I wrote a lengthy post on Kerberos earlier which describes the Kerberos protocol as well as how Active Directory leverages Kerberos.
There are several interesting Active Directory components useful to the pentester. The one I cover here relates to how Kerberos works, specifically Service Principal Names. As I mentioned in my Kerberos post, Service Principal Names (aka SPNs) are effectively the sign posts of Kerberos pointing users where to go to connect to resources. I won’t deal with Kerberos in depth here, but will recap.
Kerberos in a nutshell:
- When a user logs on to Active Directory, the user authenticates to the Domain Controller (DC) using the user’s password which of course the DC knows.
- The DC sends the user a Ticket Granting Ticket (TGT) Kerberos ticket. The TGT is presented to any DC to prove authentication for Kerberos service tickets.
- The user opens up Outlook which causes the user’s workstation to lookup the Service Principal Name (SPN) for the user’s Exchange server.
- Once the SPN is identified, the computer communicates with a DC again and presents the user’s TGT as well as the SPN for the resource to which the user needs to communicate.
- The DC replies with the Ticket Granting Service (TGS) Kerberos service ticket.
- The user’s workstation presents the TGS to the Exchange server for access.
- Outlook connects successfully.
Obviously this is an over-simplification, but explains why the SPN is important.
The key take-away here is that every service that is enabled for Kerberos authentication must have a SPN.
You may be thinking: “Ok, got it. So, what’s the point?”
This is where things get interesting.
Since every server needs to register SPNs for Kerberos authenticated services, this provides a perfect method for gathering information about an environment without port-scanning.
- An administrator installs and configures Microsoft SQL Server on a server called “MetcorpKCS17” with a SQL instance listening on port 3170 3 & 3171.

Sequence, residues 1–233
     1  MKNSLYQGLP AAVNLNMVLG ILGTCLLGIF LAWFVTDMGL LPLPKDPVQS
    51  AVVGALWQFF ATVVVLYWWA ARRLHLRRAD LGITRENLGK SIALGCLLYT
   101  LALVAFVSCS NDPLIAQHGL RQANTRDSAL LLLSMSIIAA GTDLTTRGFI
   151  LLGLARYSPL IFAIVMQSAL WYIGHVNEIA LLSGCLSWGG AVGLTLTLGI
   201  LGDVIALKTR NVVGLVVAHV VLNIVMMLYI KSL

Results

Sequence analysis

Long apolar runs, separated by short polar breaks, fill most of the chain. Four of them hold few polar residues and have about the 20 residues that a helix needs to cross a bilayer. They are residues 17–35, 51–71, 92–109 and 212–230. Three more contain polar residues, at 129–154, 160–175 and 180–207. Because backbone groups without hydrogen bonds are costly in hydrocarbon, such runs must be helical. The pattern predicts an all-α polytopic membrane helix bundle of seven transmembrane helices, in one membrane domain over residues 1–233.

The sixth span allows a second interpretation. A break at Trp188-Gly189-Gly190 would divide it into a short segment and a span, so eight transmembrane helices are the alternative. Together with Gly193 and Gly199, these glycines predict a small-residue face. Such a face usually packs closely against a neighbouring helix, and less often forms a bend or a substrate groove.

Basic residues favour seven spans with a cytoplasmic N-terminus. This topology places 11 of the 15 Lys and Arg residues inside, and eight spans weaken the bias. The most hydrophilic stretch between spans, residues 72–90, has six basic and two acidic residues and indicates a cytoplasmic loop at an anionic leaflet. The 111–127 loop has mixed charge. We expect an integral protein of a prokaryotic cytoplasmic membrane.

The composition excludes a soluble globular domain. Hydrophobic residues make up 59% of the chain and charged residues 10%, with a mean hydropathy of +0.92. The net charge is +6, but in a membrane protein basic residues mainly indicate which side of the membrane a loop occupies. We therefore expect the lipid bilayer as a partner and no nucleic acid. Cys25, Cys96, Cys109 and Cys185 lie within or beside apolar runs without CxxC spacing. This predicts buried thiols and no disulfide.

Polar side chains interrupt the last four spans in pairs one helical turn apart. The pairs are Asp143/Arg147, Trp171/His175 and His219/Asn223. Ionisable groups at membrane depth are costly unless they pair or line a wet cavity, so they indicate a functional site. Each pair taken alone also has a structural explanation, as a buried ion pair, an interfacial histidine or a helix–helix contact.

The SPNs created by this action look like this:
The part in blue is the service component followed by a slash, the part in orange is the computer’s FQDN followed by a colon, and the last part in green is the network port number (or instance or some other unique identifier for this service on the server). Interestingly enough, the number at the end doesn’t have to be the port the service is listening on the server since Kerberos matches the SPN request to an existing SPN in the directory. With that stated, most of the time with few exceptions (as in practically none), the port noted in the SPN is the listening port on the server. Not all SPNs include a port.
Historically identifying that SQL is running on this server would either require a port scan of all ports on each server to find the non-standard ports or perform a “SQL ping” to UDP 1434 which would respond with the SQL instances and ports as well as the SQL version(s). Port scans on an internal network are typically noisy and the “SQL ping” approach to server profiling is usually flagged by IDS/IPS.
Now we have a better method for discovering SQL servers in an Active Directory domain or forest: perform a search of AD for ServicePrincipalName=MSSQL*
I used this method over the past couple of years for helping customers identify SQL servers in their environment to secure or decomission (saving licensing money).
While doing research on the different SPN types in Active Directory environments, I found there wasn’t much information on different SPNs and what they are used for – at least not in one place. So, I added created a Service Principal Name reference page listing all of the SPNs I have discovered.
There are several interesting services that leverage SPNs for Kerberos Auth which can be discovered with simple AD searches:
Interestingly enough, SPNs are queried almost constantly in an Active Directory environment all the time as clients request access to services. Furthermore, since the servicePrincipalName attribute is indexed in Active Directory, the results are usually returned in under a second.
Here’s the PowerShell (v2) code for discovering all SQL servers in the Active Directory forest:
ADForestInfoRootDomain = ([System.DirectoryServices.ActiveDirectory.Forest]::GetCurrentForest()).RootDomain
$ADForestInfoRootDomainDN = “DC=” + $ADForestInfoRootDomain -Replace(“\.”,’,DC=’)
$ADDomainInfoLGCDN = ‘GC://’ + $ADForestInfoRootDomainDN
$root = [ADSI]$ADDomainInfoLGCDN
$ADSPNSearcher = new-Object System.DirectoryServices.DirectorySearcher($root,”(serviceprincipalname=*sql*)”)
$ADSPNSearcher.PageSize = 500
$AllADSQLServerSPNs = $ADSPNSearcher.FindAll()
Note: This PowerShell code can be run as a standard AD user.
Change the bolded text to change the service type.
In order to simplify the identification of SQL servers and Exchange Servers (and others) in your Active Directory environment, I wrote PowerShell functions supporting this. These are available in GitHub: https://github.com/PyroTek3/PowerShell-AD-Recon
There’s a ton more information on what Service Principal Names are, and what they do, etc can be found on the TechNet Wiki.
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